The selection of the ETL tool requires an understanding of the source data feeds. The following issues should be considered:

  • Many warehouses are built from "legacy" systems that may be difficult to access from the computer network. ETL tools often do not reside on the same machine as the source data.

  • The data structures of the legacy systems may be hard to decompose into raw data.

  • Legacy data is often "dirty" (containing invalid data, or missing data). Care must be taken in the evaluation of the tool to ensure it has an adequate function library for cleansing the data. Depending on the complexity of the cleansing required, a separate tool designed specifically for cleansing and validation may have to be purchased in addition to the ETL tool.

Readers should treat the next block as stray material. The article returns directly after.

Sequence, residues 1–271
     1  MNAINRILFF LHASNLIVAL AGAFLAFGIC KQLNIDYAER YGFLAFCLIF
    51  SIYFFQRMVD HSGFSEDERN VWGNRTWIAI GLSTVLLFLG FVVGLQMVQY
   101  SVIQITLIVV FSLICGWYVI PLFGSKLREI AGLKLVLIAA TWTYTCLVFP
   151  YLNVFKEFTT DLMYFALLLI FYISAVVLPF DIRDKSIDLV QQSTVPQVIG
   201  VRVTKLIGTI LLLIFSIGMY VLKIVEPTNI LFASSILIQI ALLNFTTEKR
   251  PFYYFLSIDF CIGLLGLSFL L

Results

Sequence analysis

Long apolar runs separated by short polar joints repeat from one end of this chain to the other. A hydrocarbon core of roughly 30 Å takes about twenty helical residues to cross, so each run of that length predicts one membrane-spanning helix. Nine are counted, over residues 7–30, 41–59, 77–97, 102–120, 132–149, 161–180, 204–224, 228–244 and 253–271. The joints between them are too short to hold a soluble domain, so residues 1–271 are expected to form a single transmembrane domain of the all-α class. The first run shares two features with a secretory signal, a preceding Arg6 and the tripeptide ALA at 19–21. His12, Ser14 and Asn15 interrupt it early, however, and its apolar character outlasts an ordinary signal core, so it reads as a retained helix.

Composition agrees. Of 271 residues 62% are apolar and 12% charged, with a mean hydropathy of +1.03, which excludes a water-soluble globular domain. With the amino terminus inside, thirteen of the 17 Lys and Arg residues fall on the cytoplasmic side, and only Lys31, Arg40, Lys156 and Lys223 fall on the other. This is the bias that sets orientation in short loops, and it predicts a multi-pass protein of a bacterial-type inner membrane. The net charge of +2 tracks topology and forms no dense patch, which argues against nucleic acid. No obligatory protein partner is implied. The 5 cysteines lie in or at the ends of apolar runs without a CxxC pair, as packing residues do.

• The ETL tool should have a metadata ("data about data") repository, which allows the data sources, targets, and transformations to be tracked in an effective manner.

  • The tool should be able to access legacy data without the need for pre-processing (usually with COBOL programs) to get the data into sequential "flat files". This becomes increasingly complex when working with filesystems like VSAM (Virtual Sequential Access Method), and files that contain COBOL Occurs and Re-Defines clauses (repeating groups and conditionally defined fields). It should be noted that a large percentage of the world's data is stored in VSAM files.

  • A final issue is whether the ETL tool moves all the data through its own engine on the way to the target, or can be a "proxy" and move the data directly from the source to the target.

Selection of the business intelligence tool(s) requires decisions such as: